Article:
introduction to digital humanities
Post on 27-Jun-2015
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DESCRIPTIONIn this workshop we will discuss the use of technology in the work of the humanities, also known as Digital Humanities (DH). We will discuss how faculty can us DH to archive historical documents, as well as how DH might be used to motivate students with different learning styles. For technologists, you will learn the tools many people are using to implement DH projects, and how you can help faculty think about historical data in the context of a DH project.
- 1. Digital Humanities Mark Locklear Web/Systems Administrator Adjunct Instructor firstname.lastname@example.org@marklocklear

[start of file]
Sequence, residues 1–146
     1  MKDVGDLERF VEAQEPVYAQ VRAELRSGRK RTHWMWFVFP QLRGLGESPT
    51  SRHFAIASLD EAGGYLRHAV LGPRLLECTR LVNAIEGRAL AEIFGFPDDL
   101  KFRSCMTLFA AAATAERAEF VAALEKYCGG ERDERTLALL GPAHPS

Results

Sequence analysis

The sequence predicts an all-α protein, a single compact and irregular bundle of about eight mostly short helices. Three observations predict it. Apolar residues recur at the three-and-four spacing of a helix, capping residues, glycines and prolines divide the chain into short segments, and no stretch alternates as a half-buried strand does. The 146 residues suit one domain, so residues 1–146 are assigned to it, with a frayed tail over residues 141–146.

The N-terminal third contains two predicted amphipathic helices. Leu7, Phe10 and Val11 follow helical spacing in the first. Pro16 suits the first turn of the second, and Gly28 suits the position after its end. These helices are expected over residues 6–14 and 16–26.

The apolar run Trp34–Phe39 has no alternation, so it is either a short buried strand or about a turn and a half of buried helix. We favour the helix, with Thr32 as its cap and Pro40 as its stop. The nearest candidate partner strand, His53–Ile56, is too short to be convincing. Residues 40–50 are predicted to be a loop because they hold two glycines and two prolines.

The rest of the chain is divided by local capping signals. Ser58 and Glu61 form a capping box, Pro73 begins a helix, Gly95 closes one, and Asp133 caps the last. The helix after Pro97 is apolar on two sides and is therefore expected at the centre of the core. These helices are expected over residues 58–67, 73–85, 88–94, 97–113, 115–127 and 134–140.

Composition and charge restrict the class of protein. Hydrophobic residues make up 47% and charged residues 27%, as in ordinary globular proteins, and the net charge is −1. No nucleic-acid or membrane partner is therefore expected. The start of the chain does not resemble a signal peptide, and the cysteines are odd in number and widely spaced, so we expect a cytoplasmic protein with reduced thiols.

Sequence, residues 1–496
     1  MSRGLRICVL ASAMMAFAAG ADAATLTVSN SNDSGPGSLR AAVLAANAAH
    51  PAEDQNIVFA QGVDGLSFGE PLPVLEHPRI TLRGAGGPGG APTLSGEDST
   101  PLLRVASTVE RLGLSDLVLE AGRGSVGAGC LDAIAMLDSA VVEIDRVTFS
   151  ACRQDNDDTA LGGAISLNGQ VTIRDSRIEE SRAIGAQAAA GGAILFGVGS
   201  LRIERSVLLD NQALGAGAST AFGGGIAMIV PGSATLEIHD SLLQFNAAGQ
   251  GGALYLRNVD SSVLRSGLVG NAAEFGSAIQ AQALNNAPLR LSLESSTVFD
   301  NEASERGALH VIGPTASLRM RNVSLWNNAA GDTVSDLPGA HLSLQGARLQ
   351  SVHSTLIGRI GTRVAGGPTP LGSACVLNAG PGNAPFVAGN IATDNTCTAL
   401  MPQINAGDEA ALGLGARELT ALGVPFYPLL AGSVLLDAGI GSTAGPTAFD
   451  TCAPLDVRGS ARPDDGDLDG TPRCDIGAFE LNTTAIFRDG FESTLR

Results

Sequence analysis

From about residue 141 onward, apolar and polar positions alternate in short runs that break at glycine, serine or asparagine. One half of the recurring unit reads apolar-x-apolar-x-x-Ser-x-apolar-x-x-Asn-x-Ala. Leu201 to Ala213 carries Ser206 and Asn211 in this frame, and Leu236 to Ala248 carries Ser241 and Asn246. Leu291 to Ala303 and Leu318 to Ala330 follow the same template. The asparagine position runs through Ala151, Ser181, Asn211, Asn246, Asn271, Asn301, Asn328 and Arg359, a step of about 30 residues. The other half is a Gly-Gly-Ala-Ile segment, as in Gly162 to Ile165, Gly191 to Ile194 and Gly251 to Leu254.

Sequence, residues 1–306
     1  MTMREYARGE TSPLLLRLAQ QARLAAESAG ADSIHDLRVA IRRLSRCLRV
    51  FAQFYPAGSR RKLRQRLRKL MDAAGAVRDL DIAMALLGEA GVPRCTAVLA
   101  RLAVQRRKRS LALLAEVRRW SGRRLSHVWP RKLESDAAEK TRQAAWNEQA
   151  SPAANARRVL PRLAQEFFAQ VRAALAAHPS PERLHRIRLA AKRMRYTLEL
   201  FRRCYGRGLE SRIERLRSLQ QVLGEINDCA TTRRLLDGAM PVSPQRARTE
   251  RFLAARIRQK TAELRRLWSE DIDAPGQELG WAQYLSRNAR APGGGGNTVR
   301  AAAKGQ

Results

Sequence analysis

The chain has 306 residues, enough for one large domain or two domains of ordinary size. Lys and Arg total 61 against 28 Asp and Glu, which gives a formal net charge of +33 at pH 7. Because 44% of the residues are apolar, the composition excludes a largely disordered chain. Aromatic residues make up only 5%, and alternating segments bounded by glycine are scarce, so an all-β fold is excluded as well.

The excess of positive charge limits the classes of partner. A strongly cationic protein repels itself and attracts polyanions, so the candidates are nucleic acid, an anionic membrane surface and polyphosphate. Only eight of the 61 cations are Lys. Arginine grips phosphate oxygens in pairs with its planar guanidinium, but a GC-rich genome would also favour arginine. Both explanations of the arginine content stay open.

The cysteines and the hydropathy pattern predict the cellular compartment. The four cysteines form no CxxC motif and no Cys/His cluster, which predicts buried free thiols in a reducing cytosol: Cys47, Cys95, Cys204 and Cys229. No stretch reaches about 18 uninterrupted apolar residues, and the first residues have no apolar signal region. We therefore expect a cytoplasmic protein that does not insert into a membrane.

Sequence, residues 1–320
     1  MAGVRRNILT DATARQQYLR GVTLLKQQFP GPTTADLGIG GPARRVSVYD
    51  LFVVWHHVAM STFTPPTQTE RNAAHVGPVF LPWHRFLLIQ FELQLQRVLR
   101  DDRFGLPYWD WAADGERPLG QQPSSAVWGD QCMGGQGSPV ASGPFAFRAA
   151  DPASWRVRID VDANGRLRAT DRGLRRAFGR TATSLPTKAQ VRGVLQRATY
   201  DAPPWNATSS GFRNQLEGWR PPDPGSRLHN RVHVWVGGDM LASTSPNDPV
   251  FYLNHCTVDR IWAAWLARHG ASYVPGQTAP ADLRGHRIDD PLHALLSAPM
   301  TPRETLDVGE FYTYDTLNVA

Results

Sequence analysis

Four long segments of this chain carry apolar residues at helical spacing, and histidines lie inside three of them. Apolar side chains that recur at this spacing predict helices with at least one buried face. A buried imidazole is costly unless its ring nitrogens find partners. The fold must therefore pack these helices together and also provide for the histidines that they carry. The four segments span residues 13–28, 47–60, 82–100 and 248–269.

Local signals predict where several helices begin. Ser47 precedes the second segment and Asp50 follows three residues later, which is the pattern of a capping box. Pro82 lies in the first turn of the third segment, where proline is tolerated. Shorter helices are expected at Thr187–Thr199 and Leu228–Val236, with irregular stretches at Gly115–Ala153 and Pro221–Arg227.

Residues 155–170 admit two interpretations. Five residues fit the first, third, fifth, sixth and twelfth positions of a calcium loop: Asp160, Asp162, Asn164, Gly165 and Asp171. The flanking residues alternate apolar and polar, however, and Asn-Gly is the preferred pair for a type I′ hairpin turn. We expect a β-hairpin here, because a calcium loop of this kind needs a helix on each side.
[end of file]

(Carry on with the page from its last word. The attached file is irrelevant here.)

2. Roadmap Define Digital Humanities Text Encoding Initiative (TEI) Markup Languages GIS (Geographical Information Systems) Data Visualization Tools for Digital Humanities Questions 3. What are the Humanities? The study of human culture: Art, Literature, History, Philosophy, Music, Social Sciences, etc. 4. What is Digital Humanities The digital humanities is an area of research, teaching, and creation concerned with the intersection of computing and the disciplines of the humanities. Using technology to do the work of the humanities. http://docsouth.unc.edu/gtts/ 5. Text Encoding Initiative (TEI) An XML-based schema for marking up texts Work began in 1987 with consortium formed in 2000 Currently in 5th major revision Formally endorsed by MLA & NEH 6. The problems TEI addresses Facilitate scholars access to textual data Make preservation easier by using an open, flexible, well-documented standard Supply a common format for representing knowledge about texts Overcome platform dependence and obsolescence 7. Markup (Language) Information about a text that exists alongside that text but is distinct from the text itself. 8. Old School Markup 9. Defining Modern Markup A (document) markup language is a modern system for annotating the presentation and formatting of text that is separate from the text itself. 10. HTML Markup 11. Semantic Markup Separates document structure from document display Asserts something about the nature of each part of the document, i.e., it labels components No display or processing instructions, generally speaking 12. XML Markup 13. Display vs. Structure (HTML display tags vs. semantic tags) 14. Examples http://www.wwp.brown. edu/outreach/seminars/_current/handouts /tei_samples/ The Swinburne Archive is a digital collection devoted to the life and work of Victorian poet A. Charles Swinburne. HTML View Raw XML Timeline 15. Geographical Information Systems (GIS) Allows for plotting of data points on a map Allows you see patterns you may not otherwise recognize Tools are ARCGIS, Google Maps and openGIS 16. GIS Examples Altas of Early Printing http://atlas.lib.uiowa.edu/ Beyond Steel: Industry and Society in 19th and 20th century LeHigh County, Pennsylvania http://gisweb.cc.lehigh. edu/BeyondSteel/ Caribbean Cholera Map http://caribbeancholera.org 17. Timelines A linear representation of data; events, pictures, video, ect. http://www.timetoast.com/ http://timeglider.com/ http://www.tiki-toki.com/ http://timeline.verite.co/ (jquery) 18. Other DH Tools TEI GIS Omeka (LAMP) Wordpress/DH Custom 19. Data VisualizationVisual representation of information that has been abstracted in some schematic form. 20. Process of Data Visualization Identify your data set How large/small is the data set What is the format What is the complexity Analysis of data Does the data need to be aggregated If so, what tools will we use to process it Visualize it Identify what works for your dataset Its a process; wash-rinse-repeat 21. What can DH do for you? Academics View data in new and interesting ways Get your data online (accessible to the public) Motivate students of different learning stylesTechnologists Use your skills to solve interesting problems Collaborate outside of technology Use data in interesting ways 22. Resources http://digitalhumanities.unc.edu http://digitalscholarship.wordpress.com/ http://omeka.org/blog/2013/08/20/back-toschool-edition-use-omeka-in-your-class/ 23. TODO